trash, plastic, clamshell containers, discarded food, food wasteFoods that used to come in cellophane bags or cardboard cartons, glass bottles or metal cans, now come in plastic. Clamshell containers are ubiquitous. Eggs, which once came in recycled paper containers, have moved to Styrofoam and plastic. Organic eggs, in particular, announce their unmarred status via clear plastic. Even restaurant “doggy bags” have converted to plastic.

I have been in cafeterias where all the food — not just takeout — is served in plastic containers. They use disposable plastic utensils to avoid the cost and work of actually, you know, washing dishes. The resulting trash gets piled high in overflowing bins to be disposed of somehow, somewhere. Does anyone know?

Banning Plastic Bags

Last month, Sudbury MA, where we lived for 37 years, banned plastic bags and single-use plastic water bottles altogether. We still shop there a lot and now we get paper bags without even asking. Yay! The new Whole Foods has recycled cardboard containers for the salad bar and other take-away foods. It’s a breath of fresh air. Dunkin Donuts still uses Styrofoam hot cups instead of carboard, though, a big disappointment.

plastic water bottles, single-use water bottles, trash, food wasteLast year, Concord MA banned single-use plastic water bottles and I hope other communities follow suit.

Businesses run on a profit-and-loss model. As long as using disposable plastics is cheaper than washing dishes and silverware, that’s what they will do. If they had to pay a tax for every bag of plastic trash dumped in the landfill, they might change their business model. Even better, if companies had to subsidize the cleanup of the Great Pacific Garbage Patch, a flotilla of plastic trash the size of Texas off the California Coast, they’d have even more incentive to reduce waste. Even Wall-E couldn’t handle this.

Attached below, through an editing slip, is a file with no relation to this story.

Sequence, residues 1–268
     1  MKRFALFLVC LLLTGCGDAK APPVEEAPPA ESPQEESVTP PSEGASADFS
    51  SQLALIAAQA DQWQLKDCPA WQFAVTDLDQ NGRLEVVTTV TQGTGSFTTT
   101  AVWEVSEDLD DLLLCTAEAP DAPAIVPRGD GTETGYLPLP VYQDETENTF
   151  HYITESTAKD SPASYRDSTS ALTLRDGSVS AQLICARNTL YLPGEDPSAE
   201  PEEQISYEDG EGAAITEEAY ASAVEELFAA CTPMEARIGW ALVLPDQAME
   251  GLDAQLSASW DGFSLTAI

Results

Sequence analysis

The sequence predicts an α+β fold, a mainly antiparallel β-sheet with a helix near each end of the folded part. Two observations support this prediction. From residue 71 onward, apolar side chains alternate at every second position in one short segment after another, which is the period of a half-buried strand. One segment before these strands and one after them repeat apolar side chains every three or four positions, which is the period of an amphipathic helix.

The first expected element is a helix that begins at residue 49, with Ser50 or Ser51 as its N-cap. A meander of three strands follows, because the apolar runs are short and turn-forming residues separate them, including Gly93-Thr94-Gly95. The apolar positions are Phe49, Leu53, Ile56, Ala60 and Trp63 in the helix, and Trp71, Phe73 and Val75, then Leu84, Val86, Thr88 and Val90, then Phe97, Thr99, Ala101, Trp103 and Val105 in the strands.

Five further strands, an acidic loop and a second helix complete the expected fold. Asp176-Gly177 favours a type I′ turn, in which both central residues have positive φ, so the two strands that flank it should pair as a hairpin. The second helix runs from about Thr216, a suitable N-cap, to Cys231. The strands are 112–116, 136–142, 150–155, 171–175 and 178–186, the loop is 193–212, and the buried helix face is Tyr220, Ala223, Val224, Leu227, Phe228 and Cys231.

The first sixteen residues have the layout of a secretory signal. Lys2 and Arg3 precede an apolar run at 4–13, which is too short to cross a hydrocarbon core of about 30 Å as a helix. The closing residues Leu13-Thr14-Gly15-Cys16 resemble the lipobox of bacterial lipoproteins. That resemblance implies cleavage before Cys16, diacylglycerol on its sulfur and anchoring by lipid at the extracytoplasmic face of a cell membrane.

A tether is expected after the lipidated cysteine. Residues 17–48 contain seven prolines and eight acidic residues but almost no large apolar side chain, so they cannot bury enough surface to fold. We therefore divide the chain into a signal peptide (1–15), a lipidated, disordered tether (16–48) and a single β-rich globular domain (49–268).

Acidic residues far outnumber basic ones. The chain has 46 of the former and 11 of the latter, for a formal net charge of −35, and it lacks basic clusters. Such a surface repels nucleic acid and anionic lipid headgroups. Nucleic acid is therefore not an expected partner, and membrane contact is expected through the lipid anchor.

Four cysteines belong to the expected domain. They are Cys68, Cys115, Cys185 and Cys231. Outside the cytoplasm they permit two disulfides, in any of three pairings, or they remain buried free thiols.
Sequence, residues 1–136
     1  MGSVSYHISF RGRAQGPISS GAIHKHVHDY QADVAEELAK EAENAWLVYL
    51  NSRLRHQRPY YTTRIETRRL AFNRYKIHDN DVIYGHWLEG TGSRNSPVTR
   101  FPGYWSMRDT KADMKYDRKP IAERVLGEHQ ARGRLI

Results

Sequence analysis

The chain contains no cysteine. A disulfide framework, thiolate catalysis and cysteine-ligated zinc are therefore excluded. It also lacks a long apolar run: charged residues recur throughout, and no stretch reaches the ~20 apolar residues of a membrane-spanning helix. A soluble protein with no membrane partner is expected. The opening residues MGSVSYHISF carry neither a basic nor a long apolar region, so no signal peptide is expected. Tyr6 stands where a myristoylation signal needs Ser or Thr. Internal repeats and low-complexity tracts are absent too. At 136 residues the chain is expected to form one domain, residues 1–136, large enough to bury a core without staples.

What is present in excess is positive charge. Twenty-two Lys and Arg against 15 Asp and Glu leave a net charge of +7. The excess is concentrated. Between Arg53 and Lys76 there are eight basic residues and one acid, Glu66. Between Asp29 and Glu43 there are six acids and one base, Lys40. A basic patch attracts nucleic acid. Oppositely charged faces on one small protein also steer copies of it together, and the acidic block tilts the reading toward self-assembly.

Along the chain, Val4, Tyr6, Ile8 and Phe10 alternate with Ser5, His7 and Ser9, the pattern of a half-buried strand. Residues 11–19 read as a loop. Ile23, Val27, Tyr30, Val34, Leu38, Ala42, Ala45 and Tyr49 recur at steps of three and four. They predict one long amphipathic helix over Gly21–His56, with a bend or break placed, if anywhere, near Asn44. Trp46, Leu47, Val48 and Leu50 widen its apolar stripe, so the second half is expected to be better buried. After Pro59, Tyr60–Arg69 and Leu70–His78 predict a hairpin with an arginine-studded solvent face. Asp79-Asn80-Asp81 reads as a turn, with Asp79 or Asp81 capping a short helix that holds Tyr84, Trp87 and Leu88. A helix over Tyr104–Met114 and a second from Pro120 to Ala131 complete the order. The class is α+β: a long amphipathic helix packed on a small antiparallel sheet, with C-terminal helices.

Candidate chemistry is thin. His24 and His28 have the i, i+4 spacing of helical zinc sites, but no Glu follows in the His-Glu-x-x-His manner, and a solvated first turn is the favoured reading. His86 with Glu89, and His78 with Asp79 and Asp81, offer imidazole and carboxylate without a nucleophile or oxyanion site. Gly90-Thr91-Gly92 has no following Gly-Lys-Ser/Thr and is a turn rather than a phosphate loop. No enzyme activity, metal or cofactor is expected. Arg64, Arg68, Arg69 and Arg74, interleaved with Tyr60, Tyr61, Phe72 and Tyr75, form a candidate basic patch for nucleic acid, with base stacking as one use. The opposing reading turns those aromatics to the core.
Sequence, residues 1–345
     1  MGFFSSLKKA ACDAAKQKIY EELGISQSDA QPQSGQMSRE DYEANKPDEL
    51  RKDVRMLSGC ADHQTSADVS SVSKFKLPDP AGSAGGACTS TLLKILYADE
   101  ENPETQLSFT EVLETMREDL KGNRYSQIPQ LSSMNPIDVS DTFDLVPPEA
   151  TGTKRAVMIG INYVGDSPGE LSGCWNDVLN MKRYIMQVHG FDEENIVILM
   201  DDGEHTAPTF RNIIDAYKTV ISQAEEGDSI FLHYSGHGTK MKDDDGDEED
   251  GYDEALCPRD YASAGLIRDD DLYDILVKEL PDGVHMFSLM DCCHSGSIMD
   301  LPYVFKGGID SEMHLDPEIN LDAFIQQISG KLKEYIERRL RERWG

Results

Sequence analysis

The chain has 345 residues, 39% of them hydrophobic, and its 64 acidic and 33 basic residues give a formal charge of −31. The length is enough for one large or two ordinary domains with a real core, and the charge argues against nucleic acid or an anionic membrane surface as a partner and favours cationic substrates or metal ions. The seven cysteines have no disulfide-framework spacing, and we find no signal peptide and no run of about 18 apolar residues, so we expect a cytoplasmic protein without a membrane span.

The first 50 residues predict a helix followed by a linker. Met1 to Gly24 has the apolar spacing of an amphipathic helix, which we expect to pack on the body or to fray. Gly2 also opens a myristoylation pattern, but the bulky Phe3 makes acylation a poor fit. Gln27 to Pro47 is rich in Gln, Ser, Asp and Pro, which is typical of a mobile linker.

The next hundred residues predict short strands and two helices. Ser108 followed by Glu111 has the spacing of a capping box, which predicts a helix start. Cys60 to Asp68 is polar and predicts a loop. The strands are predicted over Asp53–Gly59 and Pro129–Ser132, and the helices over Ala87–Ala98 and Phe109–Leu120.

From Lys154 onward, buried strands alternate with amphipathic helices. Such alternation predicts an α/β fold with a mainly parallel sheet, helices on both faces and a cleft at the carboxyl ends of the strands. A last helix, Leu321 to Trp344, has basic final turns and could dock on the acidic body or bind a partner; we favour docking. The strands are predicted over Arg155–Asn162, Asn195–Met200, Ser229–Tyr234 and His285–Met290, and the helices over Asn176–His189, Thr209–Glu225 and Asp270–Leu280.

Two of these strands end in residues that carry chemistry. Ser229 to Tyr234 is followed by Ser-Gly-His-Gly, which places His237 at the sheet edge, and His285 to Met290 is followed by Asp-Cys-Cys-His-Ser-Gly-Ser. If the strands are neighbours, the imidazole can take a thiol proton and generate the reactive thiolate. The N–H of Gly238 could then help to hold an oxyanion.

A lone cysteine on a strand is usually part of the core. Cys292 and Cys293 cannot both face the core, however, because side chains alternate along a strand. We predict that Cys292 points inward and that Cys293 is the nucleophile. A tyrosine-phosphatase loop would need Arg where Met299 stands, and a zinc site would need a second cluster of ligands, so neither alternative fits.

If you think movement to ban plastic straws makes much ado about nothing, ask yourself how you’d feel if someone pulled a straw out of your nose with a pair of pliers.

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About Aline Kaplan

Aline Kaplan is a published author, a blogger, and a tour guide in Boston. She formerly had a career as a high-tech marketing and communications director. Aline writes and edits The Next Phase Blog, a social commentary blog that appears multiple times a week at aknextphase.com. She has published over 1,000 posts on a variety of subjects, from Boston history to science fiction movies, astronomical events to art museums. Under the name Aline Boucher Kaplan, she has had two science fiction novels (Khyren and World Spirits) published by Baen Books. Her short stories have appeared in anthologies published in the United States, Ireland, and Australia. Aline’s articles have also appeared on the Atlas Obscura website. She has been an active member of the Science Fiction and Fantasy Writers of America since 1988 and is a long-term member of the Spacecrafts science/fantasy writers’ group. As a tour guide, Aline leads architectural and historical walking tours of the city for Boston By Foot, ghost tours for Haunted Boston and historical bus tours of the city. She lectures on Boston history and has appeared in the Boston Globe, as well as on TV for Chronicle, an award-winning television program that broadcasts stories of New England. As a lecturer, Aline has spoken at Brandeis and Tufts universities for the Osher Lifelong Learning Institute. She has also addressed as service organizations and local meetings. She is a graduate of Northeastern University in Boston and lives in Hudson, MA.